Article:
Remember George Hotz? You know, that guy who hacked/jailbreak/unlocked the first iPhone (and many subsequent iOS versions), pwned the PlayStation 3, went to work for a string of giant tech companies, trolled Elon Musk, and then started his own self-driving car startup all before the age of 26? Yeah, that guy!
Well, he’s back, and this time he’s all about the “scam” associated with self-driving vehicles.
Hotz was last in the public eye when he decided to release the software from his Comma.ai startup online for free after receiving a letter for the National Highway Traffic Safety Administration (NHTSA) that expressed concern about the product that his company was working on.
That letter didn’t explicitly instruct Hotz to shut down his company and the product but it did suggest that the company should delay selling any of the Comma One products into the market until the company could guarantee safety on public roads for those using the autonomous software designed to retrofit existing “non-intelligent” vehicles.
According to a new in-depth report by The Verge, which includes time spent with “Geohot” and real-world demonstrations, it seems that Hotz and the Comma.ai team are still on a mission to build and deploy a hardware and software-based combination which brings an aftermarket intelligent autonomous driving solution to vehicles which are already on the road.
Hotz is now coming from a position that he believes his Comma One product – which consists of his openpiliot software combined with a modified OnePlus smartphone, a dongle called The Panda, and the Giraffe – can work harmoniously in a vehicle with the driver still in position and ready to take control if needed. He describes this as a “driver assistance system” and not a “self-driving car.” There’s a big difference.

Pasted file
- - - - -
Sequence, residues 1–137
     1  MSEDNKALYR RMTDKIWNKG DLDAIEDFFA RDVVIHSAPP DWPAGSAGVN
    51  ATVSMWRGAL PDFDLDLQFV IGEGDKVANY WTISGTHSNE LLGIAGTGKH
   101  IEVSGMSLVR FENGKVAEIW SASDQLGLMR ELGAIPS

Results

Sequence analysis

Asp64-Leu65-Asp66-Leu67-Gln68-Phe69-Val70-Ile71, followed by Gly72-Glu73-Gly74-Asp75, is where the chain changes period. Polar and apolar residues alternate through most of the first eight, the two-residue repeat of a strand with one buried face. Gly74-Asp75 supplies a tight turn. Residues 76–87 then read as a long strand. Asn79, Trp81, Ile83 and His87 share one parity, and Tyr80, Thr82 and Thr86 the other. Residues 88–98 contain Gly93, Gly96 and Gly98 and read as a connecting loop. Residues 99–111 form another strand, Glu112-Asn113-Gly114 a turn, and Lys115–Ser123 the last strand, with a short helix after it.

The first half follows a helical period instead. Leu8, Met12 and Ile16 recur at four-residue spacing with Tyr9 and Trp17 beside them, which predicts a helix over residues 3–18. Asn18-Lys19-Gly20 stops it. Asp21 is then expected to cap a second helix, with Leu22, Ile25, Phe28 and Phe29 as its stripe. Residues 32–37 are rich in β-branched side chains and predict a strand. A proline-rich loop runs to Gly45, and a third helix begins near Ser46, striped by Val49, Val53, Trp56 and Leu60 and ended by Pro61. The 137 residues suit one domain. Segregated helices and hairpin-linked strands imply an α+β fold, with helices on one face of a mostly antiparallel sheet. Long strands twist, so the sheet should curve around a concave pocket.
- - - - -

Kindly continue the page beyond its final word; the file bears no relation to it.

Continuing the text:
Every self-driving car on the road today is worse than a human. Everyone, Waymo included. So with a human we believe these systems are safer than a human alone. And they certainly can be more convenient.
So, what about the NHTSA and its objections to what Comma.ai was trying to achieve? Hotz is selling the necessary hardware via Comma.ai/shop/ for around the $1,000 mark, with the necessary openpilot software downloaded for free by the consumer via GitHub. He believes this method of distribution allows him to sidestep any regulatory as his company isn’t selling “selling any products that control a car.”
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